3] Separate the transformation or innovation team from the traditional part of the organization. Just like a technology company, we intentionally physically set up our “lab” on the opposite side of Tunis, far from the main body of government. Big problems need big solutions and you can’t come up with great ideas when you are bogged down with e-mails and day to day issues. Our job was to come up with innovative ideas to move our country forward and for that we needed the space to think and be creative.
4] Build bonds to strengthen trust. There is no way you can accomplish any major feat, let alone getting an entire country off to a new start, if you don’t trust, respect and have confidence in your team.
To strengthen our teamwork, we got out of the office and did outdoor team building exercises. We met each other during the weekend for social gatherings or to play soccer together. We went on learning expeditions and gathered insights into how challenges like ours have been approached elsewhere. All of this helped us be on the same page and have faith that we could succeed together.
5] Recognize your window of opportunity and set priorities. We had one year to get the job done. In that timeline and with the task of bringing an entire country back from the brink, you have to focus. We made it a priority to set up state institutions as outlined in the constitution, to prepare the ground for fair and internationally-recognized parliamentary and presidential elections before the end of our one-year mandate, to create an investment friendly environment and to resolve ongoing political conflicts. The situation was dire. A sense of urgency can help leaders reach goals. We couldn’t work on issues that weren’t of the most pressing importance.
So did we succeed? We redesigned the national subsidy system and put the country on a better economic path. We led the fight against terrorism, redesigned the higher education system in the country, formulated a five-year strategic plan for “Digital Tunisia,” created a “country chief information officer” role that reports directly to the Prime Minister. On our watch an SMS-based registration system for national elections was also created. I would say overall we harnessed technology to push the country toward the future.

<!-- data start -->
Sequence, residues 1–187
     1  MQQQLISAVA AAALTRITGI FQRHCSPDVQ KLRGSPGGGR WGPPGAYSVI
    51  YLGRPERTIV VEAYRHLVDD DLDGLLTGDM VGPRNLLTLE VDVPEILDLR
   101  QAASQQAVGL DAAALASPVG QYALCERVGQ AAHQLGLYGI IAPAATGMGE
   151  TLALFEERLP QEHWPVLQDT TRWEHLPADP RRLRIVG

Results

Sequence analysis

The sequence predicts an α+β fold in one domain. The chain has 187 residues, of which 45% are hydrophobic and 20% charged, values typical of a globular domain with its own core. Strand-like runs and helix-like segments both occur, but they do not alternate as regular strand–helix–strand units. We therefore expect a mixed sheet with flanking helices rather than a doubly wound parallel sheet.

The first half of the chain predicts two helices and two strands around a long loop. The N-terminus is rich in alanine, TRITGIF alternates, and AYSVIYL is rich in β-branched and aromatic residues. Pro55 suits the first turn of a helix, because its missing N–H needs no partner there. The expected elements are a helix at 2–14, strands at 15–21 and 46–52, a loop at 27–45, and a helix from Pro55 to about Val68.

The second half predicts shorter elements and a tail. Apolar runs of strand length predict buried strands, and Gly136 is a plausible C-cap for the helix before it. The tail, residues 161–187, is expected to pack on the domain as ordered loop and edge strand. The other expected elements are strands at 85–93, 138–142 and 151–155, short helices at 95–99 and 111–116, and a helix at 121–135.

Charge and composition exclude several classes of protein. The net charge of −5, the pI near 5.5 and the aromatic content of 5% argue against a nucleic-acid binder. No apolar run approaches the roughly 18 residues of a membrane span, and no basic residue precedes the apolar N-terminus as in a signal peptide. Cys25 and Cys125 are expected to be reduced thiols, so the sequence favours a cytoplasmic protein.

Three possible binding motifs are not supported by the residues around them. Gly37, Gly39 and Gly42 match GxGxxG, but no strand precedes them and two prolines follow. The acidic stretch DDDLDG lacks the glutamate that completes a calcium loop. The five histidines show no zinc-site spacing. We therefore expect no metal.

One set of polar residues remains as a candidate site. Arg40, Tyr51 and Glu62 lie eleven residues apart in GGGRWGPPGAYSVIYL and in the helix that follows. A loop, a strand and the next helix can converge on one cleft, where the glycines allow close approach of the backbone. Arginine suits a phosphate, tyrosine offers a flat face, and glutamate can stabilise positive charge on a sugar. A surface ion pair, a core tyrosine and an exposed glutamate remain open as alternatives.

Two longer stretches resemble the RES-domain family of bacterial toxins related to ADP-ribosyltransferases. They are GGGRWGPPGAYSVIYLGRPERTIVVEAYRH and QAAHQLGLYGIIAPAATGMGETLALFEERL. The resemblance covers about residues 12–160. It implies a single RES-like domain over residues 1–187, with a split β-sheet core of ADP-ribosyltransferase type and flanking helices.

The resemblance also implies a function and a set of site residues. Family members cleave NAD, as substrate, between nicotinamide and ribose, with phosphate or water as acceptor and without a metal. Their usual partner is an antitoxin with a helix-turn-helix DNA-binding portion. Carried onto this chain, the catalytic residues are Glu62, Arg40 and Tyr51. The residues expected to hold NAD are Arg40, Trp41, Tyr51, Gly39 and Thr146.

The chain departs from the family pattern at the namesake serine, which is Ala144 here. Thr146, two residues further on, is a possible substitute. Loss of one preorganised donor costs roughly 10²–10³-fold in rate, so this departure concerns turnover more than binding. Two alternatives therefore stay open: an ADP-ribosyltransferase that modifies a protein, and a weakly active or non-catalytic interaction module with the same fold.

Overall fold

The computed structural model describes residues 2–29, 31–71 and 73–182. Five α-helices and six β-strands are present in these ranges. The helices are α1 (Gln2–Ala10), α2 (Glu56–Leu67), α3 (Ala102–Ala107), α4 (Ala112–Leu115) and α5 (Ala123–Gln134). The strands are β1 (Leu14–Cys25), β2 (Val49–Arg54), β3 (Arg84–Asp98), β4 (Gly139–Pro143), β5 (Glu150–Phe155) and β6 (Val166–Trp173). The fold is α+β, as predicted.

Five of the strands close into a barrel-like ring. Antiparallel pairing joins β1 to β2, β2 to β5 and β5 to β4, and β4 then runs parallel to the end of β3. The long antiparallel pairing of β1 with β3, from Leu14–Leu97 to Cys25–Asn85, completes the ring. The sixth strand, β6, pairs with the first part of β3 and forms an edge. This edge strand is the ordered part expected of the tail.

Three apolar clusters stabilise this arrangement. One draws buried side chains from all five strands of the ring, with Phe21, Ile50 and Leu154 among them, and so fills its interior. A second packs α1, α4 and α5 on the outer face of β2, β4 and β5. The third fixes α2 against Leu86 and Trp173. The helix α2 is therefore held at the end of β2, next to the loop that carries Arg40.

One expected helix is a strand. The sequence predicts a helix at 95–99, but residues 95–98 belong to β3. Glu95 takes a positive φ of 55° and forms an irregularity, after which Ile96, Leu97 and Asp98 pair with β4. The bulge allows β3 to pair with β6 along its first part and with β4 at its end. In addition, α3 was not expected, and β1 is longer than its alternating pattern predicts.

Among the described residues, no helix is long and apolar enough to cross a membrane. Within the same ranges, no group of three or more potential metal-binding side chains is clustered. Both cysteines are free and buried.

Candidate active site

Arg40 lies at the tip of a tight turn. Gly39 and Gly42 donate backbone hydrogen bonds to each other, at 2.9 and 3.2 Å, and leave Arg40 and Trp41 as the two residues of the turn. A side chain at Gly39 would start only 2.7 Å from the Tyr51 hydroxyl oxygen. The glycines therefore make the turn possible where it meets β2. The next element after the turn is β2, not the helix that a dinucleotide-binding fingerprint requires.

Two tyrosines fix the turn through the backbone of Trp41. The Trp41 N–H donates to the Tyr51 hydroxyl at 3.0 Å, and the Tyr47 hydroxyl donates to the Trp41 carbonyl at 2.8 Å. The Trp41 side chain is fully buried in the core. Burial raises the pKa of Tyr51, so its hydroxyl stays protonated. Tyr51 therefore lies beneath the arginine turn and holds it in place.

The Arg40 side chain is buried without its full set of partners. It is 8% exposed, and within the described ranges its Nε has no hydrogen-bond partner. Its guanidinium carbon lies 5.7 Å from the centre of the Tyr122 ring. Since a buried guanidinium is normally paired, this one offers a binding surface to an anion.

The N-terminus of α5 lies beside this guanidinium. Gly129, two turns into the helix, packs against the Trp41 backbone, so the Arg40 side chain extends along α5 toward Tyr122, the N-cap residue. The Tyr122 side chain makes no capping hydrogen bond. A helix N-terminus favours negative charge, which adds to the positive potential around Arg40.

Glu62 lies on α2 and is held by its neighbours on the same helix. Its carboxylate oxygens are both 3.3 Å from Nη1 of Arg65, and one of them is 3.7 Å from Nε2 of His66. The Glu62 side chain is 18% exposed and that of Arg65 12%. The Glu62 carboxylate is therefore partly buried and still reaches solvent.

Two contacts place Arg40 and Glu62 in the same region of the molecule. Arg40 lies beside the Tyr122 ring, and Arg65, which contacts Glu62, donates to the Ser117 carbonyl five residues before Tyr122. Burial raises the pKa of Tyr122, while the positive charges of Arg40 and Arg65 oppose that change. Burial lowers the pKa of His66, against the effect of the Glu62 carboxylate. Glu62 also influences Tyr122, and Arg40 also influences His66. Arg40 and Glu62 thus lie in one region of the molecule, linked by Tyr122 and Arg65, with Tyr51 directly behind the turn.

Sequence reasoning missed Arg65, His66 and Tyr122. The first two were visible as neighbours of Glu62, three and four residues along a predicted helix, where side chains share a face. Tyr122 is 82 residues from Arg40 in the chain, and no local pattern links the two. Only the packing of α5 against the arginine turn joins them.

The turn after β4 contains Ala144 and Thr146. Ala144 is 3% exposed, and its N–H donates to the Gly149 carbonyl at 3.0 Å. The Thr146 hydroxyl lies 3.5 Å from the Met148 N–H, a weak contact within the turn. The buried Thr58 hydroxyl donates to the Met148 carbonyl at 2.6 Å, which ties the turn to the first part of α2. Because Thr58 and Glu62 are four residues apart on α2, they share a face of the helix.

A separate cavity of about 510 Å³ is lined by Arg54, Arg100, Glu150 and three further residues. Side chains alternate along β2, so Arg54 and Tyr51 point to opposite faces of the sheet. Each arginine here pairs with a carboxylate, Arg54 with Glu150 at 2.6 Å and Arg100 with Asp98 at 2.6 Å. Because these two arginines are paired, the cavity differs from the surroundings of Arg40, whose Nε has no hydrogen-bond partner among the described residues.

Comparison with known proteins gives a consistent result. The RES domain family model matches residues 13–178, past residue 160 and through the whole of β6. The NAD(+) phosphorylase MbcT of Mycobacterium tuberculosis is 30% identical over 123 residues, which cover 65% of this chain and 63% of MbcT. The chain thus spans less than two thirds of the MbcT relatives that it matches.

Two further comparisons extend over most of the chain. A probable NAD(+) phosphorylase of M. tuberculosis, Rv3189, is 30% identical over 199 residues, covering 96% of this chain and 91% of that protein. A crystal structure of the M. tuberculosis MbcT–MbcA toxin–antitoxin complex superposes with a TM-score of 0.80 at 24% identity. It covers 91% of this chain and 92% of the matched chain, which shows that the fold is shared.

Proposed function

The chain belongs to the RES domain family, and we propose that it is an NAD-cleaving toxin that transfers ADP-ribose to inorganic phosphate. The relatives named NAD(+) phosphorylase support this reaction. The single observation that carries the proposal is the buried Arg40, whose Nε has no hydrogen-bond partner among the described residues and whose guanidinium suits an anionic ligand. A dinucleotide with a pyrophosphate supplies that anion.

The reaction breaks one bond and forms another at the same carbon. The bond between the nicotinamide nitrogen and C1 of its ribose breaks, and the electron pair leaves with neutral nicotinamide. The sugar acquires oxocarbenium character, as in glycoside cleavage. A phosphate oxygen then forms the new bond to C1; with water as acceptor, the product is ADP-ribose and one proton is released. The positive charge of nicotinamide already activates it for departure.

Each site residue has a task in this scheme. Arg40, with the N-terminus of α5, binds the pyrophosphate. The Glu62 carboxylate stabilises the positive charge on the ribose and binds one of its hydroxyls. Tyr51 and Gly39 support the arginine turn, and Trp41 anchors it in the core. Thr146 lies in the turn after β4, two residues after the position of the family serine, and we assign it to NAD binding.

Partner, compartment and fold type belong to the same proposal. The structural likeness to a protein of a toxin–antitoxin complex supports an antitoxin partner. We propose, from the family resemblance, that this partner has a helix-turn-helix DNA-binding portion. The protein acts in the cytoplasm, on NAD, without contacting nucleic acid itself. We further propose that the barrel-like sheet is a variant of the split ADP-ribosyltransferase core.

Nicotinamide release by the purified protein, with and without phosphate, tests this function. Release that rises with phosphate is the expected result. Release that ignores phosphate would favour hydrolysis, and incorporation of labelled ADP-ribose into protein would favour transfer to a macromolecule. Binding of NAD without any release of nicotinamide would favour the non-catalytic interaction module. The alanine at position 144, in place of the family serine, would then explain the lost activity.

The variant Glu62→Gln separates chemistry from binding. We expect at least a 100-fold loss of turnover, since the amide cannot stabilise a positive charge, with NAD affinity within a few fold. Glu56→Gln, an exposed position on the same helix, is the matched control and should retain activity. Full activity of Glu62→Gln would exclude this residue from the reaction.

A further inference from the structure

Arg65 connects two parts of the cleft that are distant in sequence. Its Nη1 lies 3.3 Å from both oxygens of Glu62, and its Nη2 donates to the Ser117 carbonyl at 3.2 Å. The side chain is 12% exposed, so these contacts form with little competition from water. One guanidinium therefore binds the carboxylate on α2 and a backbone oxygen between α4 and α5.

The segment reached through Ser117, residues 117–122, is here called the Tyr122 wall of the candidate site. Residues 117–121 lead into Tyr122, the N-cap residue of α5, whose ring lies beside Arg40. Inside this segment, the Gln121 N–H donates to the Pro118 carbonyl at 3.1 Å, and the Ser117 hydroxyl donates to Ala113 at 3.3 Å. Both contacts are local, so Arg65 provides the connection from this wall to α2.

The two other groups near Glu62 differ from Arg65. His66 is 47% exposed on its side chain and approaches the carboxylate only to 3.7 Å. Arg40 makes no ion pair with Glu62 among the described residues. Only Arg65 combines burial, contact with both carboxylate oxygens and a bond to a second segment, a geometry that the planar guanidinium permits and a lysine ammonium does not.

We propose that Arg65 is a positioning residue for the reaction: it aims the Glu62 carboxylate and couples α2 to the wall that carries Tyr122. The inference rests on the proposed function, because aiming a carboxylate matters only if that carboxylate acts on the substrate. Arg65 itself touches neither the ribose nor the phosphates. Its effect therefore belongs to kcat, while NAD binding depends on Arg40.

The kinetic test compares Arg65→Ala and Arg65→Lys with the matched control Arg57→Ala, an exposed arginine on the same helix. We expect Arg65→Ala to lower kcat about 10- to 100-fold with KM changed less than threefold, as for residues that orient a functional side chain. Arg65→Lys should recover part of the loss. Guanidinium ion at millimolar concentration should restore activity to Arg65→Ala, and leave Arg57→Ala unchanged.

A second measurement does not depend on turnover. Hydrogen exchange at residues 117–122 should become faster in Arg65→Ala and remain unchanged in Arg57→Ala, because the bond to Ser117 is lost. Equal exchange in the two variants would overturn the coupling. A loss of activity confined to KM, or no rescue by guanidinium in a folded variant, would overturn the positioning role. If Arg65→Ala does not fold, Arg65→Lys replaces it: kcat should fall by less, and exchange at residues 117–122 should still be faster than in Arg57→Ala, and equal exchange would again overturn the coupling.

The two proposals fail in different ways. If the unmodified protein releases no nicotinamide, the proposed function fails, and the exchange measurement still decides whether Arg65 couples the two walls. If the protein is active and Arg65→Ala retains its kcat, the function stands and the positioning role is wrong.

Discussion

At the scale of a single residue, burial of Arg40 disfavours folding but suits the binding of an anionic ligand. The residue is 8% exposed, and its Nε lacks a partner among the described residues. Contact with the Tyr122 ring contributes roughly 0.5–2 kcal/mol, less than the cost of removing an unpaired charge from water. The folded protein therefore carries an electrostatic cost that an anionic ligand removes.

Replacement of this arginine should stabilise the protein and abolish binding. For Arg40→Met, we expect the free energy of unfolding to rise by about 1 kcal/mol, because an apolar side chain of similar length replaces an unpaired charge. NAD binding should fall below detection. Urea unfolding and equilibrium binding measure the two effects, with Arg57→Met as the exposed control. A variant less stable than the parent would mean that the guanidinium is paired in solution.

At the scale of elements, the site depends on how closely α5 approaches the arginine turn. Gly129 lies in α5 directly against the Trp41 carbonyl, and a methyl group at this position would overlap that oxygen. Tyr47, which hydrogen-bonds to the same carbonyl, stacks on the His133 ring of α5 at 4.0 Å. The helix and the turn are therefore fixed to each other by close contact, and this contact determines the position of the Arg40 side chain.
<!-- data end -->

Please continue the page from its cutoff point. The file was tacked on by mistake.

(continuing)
But sadly Tunisia is now facing an unprecedented terrorist threat following three attacks in 2015 on the Bardo National Museum, on a major hotel in Sousse and on the presidential guard in Tunis. More recently an all-out military style attack by ISIS was carried on Ben Gardane, a Tunisian city on the Libyan border. Because of this, tourism, one of the country’s biggest income generators, has plummeted leaving it in an economically weakened state.
But that’s also how business is. Success one year, or even one week, doesn’t at all guarantee future wins.
Look at Volkswagen in 2015. The formerly top-selling brand experienced a scandal that put its future in danger.
So leaders in any types of organizations need to prepare themselves, mentally and otherwise, to face high turbulence, or else.
Do you have what it takes to lead in high turbulence?
Tawfik Jelassi is IMD Professor of Strategy and Technology Management. He was the Tunisian Minister of Higher Education, Scientific Research, and Information & Communication Technologies during a transitional technocratic government in 2014-2015 following the Arab Spring revolution in the country. He is conducting a session on Leading in a High Turbulence Environment at Orchestrating Winning Performance taking place in Lausanne from June 27th to July 1st.